Bourbon Reviews:




Bottling NameOld Potrero Single Malt
Bottled ByAnchor Brewing Co. San Francisco,CA
TypeWhiskey
Alcohol content124.2 Proof
Availability US: Available Japan: Unknown Duty Free: Not Available Europe: Unknown
Views (since 20080612) 15496
Bottling Info<From their site>

OLD POTRERO SINGLE MALT WHISKEY is our attempt to re-create the original whiskeys produced from grain in America. Distilled in a small copper pot still from a mash of 100% rye malt, it is aged for one year in new uncharred oak barrels at our small distillery on Potrero Hill in San Francisco. Already delightful, Old Potrero is certainly a young whiskey, and it seems likely that whiskey was often consumed as young as this in the early days of American distilling, when eager farmers savored the fruit of their labors.

Probably no one will ever know every detail about how the first whiskeys were made along the Atlantic Coast in the 18th century???written records are very scarce???but for many reasons it seems likely that they were made, like this one, from a mash consisting entirely of malted rye. Rye was the grain of choice for America's first distillers, and when you taste Old Potrero you will see that using a mash of 100% rye malt produces a whiskey with a wonderful character.



Review from Mike (BourbonEnthusiast Review ID 1678, Created:20090909191430, Updated:20090909191511) View discussion on this review.
Purchased at:
Nose:Rye, green apples, leather, alcohol vapors, lemons, and an earthy aroma somewhat like that found in sipping tequila.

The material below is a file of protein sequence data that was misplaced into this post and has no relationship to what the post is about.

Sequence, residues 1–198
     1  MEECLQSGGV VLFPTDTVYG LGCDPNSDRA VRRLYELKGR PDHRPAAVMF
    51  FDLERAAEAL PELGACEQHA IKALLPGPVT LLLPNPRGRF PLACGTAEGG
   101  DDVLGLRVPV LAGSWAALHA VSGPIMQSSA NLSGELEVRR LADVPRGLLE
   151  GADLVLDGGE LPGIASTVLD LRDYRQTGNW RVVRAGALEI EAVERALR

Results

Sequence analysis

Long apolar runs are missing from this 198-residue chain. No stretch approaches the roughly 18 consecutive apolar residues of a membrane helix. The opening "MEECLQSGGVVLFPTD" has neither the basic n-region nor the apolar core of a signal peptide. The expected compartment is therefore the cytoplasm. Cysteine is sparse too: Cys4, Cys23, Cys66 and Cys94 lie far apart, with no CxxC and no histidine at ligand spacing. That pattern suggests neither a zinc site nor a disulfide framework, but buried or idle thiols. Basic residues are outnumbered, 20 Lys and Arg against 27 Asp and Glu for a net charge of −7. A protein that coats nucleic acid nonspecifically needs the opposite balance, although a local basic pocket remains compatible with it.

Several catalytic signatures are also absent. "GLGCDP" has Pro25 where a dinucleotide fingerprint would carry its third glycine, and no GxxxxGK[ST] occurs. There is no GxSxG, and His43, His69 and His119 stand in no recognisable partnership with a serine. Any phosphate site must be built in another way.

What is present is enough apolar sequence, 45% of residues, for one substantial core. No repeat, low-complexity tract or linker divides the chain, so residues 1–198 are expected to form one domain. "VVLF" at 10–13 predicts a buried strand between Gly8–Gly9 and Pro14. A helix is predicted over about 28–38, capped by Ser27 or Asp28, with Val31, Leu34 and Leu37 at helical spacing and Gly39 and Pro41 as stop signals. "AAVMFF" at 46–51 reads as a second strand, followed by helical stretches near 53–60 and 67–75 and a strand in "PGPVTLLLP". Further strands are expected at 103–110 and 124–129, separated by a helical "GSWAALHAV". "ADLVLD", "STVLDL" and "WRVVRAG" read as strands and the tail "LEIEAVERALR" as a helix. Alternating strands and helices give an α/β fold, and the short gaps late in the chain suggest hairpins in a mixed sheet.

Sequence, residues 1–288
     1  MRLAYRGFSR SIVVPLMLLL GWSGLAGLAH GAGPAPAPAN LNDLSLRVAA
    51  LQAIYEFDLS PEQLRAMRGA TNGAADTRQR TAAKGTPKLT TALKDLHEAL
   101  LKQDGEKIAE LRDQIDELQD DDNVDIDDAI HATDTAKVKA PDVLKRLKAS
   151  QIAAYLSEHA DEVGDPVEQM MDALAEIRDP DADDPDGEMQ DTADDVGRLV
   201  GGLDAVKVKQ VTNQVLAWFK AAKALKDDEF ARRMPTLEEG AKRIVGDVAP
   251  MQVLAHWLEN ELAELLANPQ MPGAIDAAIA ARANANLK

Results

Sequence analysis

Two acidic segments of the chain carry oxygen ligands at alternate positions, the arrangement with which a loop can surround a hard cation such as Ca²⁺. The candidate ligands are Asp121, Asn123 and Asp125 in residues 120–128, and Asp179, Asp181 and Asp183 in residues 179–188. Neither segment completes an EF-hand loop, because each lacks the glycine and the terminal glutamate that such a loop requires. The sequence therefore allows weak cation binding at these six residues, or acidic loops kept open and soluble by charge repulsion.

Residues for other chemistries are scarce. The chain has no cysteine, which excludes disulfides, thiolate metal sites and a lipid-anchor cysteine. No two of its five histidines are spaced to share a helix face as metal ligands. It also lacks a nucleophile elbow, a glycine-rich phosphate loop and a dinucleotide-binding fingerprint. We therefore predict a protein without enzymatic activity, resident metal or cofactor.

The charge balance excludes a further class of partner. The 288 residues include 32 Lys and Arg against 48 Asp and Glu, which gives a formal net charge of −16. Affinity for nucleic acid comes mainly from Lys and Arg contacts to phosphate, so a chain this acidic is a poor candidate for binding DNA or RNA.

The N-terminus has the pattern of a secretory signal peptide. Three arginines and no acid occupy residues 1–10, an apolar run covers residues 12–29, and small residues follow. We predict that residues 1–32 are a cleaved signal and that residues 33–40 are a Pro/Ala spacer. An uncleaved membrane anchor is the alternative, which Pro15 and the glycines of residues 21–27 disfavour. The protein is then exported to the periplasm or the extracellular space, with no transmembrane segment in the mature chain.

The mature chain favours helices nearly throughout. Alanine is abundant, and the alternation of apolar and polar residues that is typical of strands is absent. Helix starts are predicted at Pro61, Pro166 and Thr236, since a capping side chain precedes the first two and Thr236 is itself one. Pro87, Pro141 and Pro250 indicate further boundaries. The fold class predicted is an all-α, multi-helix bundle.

Taste:Rye sweetness that I would describe as hard followed quickly by a zap of spicy, lemony bite. An intriqueing and compelling sip of a potent and concentrated spirit.
Finish:Warm to hot, surprising how the rye sweetness still holds on.
Overall:A challenging sip with strong and lasting flavors. Not for the novice drinker. However, had this been served at the Ladies Temperance League meetings the history of whiskey in the US might have been far less troublesome. Yes, I do like it and am glad I still have a middling amount with which to delightfully punish myself. It would be good to reserve a sip for when I am about to pass behind that dark curtain..........you know, to help me prepare my defense.

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Review from kystraightbourbon (BourbonEnthusiast Review ID 638, Created:20061110190441) View discussion on this review.
Purchased at:
Info on this bottle:2x50 mL courtesy of Mike, Barreled on 6/3/97, bottled on 5/25/99
Proof Of this Bottle:123.5